“I always enjoyed going to see Mr. Colin,” Susan said as the five convened at the Lodge later on that day. “He was like a grandfather to me after mine died. When we were with him, it seemed time went by so quickly.”
“He taught us so many things,” Kento added.
“And he wasn’t weird at all,” said Karen. “Maybe he was different but not crazy like people said. I wish I could’ve known him better.”
“I’m sure he’s happy now. Probably feeling a lot better than before,” Christopher said, trying to comfort them—and himself.
“Mr. Colin was the most interesting and most fun person I’ve ever known,” said Earl. “I’m going to miss him.”
The other four nodded in accord and silence fell until Christopher spoke. “What are we going to do about the coins?”
“Mr. Colin said they were valuable, right?” said Karen.
“Are you suggesting we sell them?” Susan asked.
“N-no. But seeing as we own them, it would be nice to know how valuable they are. At least we could take them to a coin dealer and see what they’re worth.”
“I suppose it wouldn’t hurt to find out,” Christopher said.
“Fair enough,” Kento said, and Earl agreed. Susan merely shrugged.
“Where would we find a coin shop?” Earl asked.
“We could always look online for one in our vicinity,” said Karen.
Kento did a search on his phone and the others gathered around.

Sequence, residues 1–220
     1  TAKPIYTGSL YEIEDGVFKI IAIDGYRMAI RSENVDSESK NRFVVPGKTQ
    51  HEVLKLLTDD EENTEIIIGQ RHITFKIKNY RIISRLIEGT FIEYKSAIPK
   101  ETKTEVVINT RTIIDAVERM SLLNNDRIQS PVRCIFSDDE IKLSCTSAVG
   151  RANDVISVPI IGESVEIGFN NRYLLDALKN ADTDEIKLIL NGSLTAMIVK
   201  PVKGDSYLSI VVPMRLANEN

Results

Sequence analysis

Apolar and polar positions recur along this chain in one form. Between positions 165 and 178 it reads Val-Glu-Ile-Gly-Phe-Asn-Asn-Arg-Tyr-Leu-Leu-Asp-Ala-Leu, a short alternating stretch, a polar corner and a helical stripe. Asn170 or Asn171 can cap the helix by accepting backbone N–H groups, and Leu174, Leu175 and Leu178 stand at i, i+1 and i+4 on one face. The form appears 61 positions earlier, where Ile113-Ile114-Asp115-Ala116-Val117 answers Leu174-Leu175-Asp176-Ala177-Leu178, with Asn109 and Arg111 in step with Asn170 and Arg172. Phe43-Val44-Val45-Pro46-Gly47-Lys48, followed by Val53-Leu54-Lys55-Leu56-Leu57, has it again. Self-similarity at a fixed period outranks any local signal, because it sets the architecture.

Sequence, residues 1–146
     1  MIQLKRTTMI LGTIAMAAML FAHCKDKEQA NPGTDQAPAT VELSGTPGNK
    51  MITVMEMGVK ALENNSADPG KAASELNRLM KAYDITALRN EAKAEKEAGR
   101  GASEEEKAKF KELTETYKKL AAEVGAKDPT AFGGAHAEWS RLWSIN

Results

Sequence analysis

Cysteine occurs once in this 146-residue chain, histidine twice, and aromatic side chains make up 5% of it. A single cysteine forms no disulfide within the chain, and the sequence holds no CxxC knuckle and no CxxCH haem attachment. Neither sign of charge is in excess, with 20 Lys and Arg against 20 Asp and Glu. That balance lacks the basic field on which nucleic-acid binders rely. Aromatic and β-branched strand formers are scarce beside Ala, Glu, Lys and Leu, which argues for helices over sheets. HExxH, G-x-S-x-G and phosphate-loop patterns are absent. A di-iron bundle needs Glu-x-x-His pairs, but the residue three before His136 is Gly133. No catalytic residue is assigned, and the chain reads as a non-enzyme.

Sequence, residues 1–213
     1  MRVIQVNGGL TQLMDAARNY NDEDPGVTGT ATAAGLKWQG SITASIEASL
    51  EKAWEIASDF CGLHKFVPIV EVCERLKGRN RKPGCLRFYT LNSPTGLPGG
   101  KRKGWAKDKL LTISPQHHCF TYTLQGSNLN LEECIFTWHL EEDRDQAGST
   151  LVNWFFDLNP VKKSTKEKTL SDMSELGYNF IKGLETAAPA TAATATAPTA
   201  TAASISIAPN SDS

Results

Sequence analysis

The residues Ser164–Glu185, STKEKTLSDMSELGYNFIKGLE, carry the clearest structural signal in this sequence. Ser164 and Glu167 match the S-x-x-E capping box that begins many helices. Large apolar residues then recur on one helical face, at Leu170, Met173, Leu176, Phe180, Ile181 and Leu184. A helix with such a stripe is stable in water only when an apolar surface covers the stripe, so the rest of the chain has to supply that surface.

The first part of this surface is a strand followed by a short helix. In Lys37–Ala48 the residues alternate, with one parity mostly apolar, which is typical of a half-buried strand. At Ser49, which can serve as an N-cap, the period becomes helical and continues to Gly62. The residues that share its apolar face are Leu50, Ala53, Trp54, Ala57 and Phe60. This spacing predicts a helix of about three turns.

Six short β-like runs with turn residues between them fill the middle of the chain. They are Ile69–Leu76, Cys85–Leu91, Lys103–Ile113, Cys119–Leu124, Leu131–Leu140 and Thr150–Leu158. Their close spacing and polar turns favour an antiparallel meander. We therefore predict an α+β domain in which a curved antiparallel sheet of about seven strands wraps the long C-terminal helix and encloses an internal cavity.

“‘Coin World’ and ‘Coin Collector’s Corner,’” he said. “That’s all we have in our town. ‘Coin World’ seems to be the closest. It’s on Crispen Avenue.”
“Crispen Avenue!” said Susan. “It’s a bit…”
“A bit what?”
“N-nothing. But there’s a bus that will take us right to where the shop is, and we can be in and out in a jiffy.”
With the box of coins in hand, the children boarded a bus that drew up right outside the coin shop, which seemed oddly out of place with its freshly painted white walls and gaudy, brass-framed windows standing amid a squalid district.
“Doesn’t seem to be the best part of town,” Kento remarked.
“I had wondered about that,” said Susan.
“But the shop looks okay,” said Christopher. “We just want them to tell us how much the coins are worth.”
“We’ve come all this way. It’ll be too late to go anywhere else before it’s dark,” Karen said. “And who says the other place is going to be any better?”
“Let’s just do it,” said Christopher.
“Wait! I think we’re forgetting something…” Susan said just before they entered the shop. She hadn’t been sure about this idea from the start, and something didn’t seem right. On top of that, she kept thinking that they’d forgotten something.
That’s it! she thought, remembering how Mr. Colin often told them that when we’re not sure of something or don’t know what to do, to pray.
But now we’re forgetting to do just that.
“Forgetting what?” the others chorused.
Susan suddenly became embarrassed and blushed.